Care and Cultivation

January-February 2002


Dr. Campbell is professor and director, Program for Ethics, Science, and the Environment, Department of Philosophy, Oregon State University, Corvallis, OR.

James F. Drane, PhD, calls for a dialogue among the religious, research, and policy communities concerning the ethics of technological innovation in medicine ("For an Ethics of Technology," ). This essay explores some themes and questions that Protestant Christianity might bring to such a dialogue.

The Theological Background: Four Strands of Protestant Thought
The influential theologians of the Protestant Reformation, such as Martin Luther (1483-1546) and John Calvin (1509-1564), made a sharp distinction between God, on one hand, and nature (including human nature), on the other. In their view, all value is derived from the divine being. Human beings, having experienced the dramatic and enduring consequences of the fall from divine grace, have been divested of ultimate value and stand in need of redemption and reconciliation.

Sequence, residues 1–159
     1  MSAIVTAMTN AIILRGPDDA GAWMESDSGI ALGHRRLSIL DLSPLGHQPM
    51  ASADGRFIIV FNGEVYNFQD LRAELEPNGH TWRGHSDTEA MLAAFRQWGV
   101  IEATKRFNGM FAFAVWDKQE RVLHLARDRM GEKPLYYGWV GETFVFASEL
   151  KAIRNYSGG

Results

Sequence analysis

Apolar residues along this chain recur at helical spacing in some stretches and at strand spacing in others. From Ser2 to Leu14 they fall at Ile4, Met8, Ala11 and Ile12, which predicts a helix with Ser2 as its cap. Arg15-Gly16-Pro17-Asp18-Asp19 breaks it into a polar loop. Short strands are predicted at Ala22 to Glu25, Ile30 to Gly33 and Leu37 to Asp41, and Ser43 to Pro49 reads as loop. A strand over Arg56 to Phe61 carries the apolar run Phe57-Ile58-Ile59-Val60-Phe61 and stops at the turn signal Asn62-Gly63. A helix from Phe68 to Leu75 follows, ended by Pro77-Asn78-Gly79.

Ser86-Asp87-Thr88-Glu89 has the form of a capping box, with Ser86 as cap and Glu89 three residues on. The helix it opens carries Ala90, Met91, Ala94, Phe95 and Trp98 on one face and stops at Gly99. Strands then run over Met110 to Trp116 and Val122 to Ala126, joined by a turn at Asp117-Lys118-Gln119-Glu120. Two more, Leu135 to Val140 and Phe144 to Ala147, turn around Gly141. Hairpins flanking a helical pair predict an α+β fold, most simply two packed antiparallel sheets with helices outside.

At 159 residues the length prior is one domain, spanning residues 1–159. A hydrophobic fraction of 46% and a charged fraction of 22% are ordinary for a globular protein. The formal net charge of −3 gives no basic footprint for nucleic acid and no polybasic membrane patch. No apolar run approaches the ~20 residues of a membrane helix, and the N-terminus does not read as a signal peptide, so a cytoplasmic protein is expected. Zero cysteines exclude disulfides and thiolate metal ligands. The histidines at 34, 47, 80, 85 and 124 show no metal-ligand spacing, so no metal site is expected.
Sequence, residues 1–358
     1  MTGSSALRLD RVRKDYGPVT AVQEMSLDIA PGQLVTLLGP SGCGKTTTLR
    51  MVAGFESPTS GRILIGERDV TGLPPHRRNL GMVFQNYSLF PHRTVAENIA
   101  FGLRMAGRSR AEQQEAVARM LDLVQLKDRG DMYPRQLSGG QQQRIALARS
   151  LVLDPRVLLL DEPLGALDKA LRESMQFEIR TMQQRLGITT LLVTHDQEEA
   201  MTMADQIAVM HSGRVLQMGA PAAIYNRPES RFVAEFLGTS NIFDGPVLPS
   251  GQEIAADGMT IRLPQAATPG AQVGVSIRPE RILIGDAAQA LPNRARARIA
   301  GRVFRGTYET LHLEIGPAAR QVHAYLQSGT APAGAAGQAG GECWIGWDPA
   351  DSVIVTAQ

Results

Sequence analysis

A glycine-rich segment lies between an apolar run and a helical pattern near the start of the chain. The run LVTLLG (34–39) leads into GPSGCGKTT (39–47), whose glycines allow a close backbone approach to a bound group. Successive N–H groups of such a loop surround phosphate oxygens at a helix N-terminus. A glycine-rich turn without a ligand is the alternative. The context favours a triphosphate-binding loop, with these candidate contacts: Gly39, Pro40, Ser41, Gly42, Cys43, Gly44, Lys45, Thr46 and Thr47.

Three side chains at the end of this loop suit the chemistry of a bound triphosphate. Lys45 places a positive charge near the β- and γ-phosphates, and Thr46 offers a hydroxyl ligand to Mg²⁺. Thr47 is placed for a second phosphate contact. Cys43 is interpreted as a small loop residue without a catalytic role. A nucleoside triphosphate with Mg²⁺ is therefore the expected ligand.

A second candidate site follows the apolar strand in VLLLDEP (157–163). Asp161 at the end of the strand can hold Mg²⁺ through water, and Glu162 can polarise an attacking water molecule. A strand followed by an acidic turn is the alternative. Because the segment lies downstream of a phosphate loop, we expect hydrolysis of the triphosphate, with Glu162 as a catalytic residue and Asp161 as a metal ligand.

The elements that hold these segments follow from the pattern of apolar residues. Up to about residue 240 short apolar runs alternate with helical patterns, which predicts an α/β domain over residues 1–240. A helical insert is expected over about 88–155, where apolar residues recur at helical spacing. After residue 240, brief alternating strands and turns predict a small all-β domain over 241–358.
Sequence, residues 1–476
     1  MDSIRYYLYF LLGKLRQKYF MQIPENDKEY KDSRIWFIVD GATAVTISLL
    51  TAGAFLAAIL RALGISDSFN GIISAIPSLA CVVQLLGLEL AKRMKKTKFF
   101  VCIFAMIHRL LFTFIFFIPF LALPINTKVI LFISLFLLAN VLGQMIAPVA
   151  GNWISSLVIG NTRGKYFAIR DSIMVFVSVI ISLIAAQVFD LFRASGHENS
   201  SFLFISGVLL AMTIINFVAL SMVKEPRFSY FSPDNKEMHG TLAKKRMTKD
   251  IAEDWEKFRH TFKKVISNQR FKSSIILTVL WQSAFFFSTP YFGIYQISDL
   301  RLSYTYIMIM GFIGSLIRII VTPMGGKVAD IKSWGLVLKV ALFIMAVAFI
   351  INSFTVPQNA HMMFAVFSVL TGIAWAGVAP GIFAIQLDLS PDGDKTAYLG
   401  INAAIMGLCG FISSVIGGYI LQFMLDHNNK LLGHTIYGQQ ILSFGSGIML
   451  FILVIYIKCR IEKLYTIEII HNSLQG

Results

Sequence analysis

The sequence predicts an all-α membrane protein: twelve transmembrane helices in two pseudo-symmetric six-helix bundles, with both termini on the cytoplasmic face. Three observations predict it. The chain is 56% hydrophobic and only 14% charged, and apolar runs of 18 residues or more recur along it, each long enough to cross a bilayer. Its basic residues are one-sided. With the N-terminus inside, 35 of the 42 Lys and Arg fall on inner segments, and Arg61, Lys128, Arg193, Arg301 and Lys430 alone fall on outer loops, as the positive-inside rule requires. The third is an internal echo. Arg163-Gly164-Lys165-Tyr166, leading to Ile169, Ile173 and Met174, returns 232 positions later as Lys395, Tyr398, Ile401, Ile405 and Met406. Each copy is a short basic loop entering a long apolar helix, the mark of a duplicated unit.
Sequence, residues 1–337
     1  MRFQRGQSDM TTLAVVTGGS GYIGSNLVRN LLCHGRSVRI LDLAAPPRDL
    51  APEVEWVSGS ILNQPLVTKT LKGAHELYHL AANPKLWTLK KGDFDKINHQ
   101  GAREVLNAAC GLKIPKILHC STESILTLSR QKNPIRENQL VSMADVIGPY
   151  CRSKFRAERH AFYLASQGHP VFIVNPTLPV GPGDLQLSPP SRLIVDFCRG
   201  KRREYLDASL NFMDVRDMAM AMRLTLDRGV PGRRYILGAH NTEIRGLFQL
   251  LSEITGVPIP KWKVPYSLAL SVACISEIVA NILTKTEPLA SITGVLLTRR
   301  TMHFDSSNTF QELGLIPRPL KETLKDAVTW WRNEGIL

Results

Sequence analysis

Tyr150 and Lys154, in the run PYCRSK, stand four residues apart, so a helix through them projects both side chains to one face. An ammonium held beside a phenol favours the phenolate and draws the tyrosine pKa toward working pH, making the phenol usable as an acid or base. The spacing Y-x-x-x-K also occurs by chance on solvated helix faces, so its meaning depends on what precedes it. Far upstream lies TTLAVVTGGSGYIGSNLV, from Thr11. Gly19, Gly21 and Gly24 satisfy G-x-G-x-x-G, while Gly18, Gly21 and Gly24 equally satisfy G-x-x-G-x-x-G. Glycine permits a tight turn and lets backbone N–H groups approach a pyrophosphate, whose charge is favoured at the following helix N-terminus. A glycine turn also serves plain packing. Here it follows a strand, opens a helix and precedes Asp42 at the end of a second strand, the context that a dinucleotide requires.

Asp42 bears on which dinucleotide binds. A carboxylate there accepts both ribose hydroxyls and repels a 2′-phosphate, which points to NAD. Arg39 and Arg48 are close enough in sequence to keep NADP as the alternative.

One result of this line of thought was, to borrow Max Weber's memorable phrase, the "disenchantment of the world" — the loosening of nature's ancient hold on human attitudes and actions.1 Nature could no longer evoke precisely those sentiments of awe and reverence that Professor Drane deems essential for the grounding of moral restraints on human manipulation of the world, including technological innovation. During the Industrial Revolution, people came to see nature as a realm open to the rationalized reductionism of science and technology. Protestant theology had sought to return God to the fore of human consciousness. Ironically, however, success in the manipulation of nature has instead tended to make people skeptical about the existence of God.

Protestant thought does share Professor Drane's belief in the necessity of a moral critique of biotechnology. Equating technology with "progress" — and both with "good" — violates what Paul Tillich referred to as "the Protestant principle": Avoid the human propensity to absolutize the relative.2 Nonetheless, there is no such thing as a Protestant body of opinion on biotechnology. A range of Protestant perspectives can be identified on almost any moral question of consequence. Such moral pluralism is consistent with Protestantism's historical emphasis on Christian liberty and freedom of conscience. Pluralism can also be seen in Protestant approaches to biotechnology. Assessments span the spectrum, from hostility to biotechnology as an arrogant intrusion upon God's created order, on one hand, to a celebration of biotechnology as a beneficial means of partnership with God in continuing creation, on the other.